Xylella, Italy, Spain discussed on Gastropod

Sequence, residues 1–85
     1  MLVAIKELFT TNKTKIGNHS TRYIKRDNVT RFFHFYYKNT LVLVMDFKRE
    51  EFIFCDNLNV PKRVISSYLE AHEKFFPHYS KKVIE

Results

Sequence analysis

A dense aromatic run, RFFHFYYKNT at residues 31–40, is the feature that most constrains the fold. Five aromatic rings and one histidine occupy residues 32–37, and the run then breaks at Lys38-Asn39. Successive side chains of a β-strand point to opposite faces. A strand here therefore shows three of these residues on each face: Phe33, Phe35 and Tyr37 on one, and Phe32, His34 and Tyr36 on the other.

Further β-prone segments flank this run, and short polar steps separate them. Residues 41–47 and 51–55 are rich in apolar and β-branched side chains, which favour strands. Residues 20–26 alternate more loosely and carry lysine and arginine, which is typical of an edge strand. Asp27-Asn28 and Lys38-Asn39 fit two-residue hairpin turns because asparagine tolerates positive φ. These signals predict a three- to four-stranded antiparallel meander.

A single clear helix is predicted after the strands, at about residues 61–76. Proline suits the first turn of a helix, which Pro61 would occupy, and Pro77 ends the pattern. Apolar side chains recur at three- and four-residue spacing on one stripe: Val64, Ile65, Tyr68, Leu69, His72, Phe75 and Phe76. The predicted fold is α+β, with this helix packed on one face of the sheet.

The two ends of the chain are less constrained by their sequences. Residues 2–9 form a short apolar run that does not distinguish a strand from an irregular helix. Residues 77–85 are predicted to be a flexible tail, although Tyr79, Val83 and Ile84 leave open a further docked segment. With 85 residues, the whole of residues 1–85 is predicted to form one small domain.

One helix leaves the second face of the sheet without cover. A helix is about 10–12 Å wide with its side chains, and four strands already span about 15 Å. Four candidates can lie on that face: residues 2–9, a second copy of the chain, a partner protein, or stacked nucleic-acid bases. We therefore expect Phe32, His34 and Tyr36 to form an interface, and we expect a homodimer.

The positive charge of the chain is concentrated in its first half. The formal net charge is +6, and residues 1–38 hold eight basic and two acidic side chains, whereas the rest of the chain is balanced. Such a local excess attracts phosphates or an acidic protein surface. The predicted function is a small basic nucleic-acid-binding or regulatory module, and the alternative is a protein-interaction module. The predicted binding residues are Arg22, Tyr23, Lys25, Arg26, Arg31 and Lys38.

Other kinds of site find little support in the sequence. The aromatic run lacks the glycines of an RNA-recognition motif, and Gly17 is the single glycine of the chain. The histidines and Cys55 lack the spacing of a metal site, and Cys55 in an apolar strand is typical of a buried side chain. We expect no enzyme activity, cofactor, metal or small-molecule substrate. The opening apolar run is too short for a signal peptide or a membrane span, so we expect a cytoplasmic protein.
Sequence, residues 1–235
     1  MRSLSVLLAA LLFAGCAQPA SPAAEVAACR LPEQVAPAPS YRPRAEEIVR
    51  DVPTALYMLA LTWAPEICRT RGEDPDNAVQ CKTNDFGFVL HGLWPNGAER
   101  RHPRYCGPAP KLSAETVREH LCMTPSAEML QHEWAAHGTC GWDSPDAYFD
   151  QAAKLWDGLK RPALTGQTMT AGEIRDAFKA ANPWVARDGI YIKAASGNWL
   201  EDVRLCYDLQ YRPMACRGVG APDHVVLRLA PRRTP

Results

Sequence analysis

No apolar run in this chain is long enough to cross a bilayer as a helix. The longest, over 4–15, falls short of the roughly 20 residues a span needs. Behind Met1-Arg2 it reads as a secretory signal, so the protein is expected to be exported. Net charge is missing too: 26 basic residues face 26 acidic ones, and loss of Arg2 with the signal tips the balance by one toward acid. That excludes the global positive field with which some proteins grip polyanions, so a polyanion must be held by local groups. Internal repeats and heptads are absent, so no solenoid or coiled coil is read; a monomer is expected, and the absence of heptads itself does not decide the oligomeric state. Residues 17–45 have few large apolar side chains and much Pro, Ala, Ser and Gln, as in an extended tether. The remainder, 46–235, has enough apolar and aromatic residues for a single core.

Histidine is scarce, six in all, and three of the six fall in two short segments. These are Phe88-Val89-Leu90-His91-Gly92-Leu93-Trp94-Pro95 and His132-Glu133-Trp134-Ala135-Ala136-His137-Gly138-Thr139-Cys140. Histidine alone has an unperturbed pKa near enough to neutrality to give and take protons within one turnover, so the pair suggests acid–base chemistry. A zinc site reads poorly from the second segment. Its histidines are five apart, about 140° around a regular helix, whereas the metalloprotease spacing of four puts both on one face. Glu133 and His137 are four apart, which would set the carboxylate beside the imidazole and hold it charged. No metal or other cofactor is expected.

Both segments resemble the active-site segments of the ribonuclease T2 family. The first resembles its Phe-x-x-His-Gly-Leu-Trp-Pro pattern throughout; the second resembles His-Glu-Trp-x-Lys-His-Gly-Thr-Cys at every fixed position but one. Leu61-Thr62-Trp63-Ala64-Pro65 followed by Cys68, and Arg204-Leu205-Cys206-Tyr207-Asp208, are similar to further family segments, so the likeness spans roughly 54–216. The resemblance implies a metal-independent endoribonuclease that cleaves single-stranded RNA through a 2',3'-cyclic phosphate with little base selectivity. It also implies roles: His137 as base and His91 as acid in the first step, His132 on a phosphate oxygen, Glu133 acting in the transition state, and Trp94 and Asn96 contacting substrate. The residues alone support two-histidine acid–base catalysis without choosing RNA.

These olive groves go back centuries, they define the landscape, the culture, the food, everything. So that was one problem. Another challenge was the fact that there was a big social media campaign to undermine the science. You have very challenging situation at the moment, for example, where you had scientists working on the epidemic being investigated by local prosecutor, possibly being charged for being responsible for a epidemic. You have people who do not believe in science. For example, they don't believe that a lot of facilities is a bacterium. They don't believe that it's present there. They think it's a hoax. They think that their mafia is behind it. There are several different conspiracy theories and this sort of narrative permeated through the local population, or at least sections of the local population. And you ended up with a situation where politicians were not willing to do what was supposed to be done and make difficult decisions. And as a consequence, the epidemic has a spread. Xylella has since been found in Spain and France, too, honestly, this all makes me a little panicky. I think a full third of my diet must be made up of olive oil. How worried should I really be? I think people are right to be anxious, you know, is not the end of olive oil production in Europe. It's clear that it's specific circumstances, like in southern Italy, if the conditions are just right, you can have a devastating epidemic. Scientists are working to breed xylella resistant olive tree varieties, they're figuring out new ways to control the insects that spread the xylella, and the EU has cracked down on Italy to make sure people do enforce the quarantine. My understanding is that there has been a little bit of a shift here where the local government is complying with the recommendations a little bit more. All my digits are crossed. I can't imagine Italy without olive oil or my life without all the olive oil possible. You and me both. But Cynthia, we've been talking about olives for a few minutes now, and we have yet to even get into what olive oil is. And I know this sounds like a stupid thing to ask. Of course we know what olive oil is. It's oil from an olive, but we figured we should ask the expert. That's author Tom Mueller. We should ask him what it is, just to be sure that's coming up after the break. And olive is a droop technically speaking seed fruit like a plum or a cherry. And so olive oil, or what you extract from the olive is quite literally fruit juice. That is not the answer we were expecting. But why would the juice of a fruit be so oily? Plum juice is not oily, cherry juice is not oily. Tom says it's all because of what the olive seed needs to grow.

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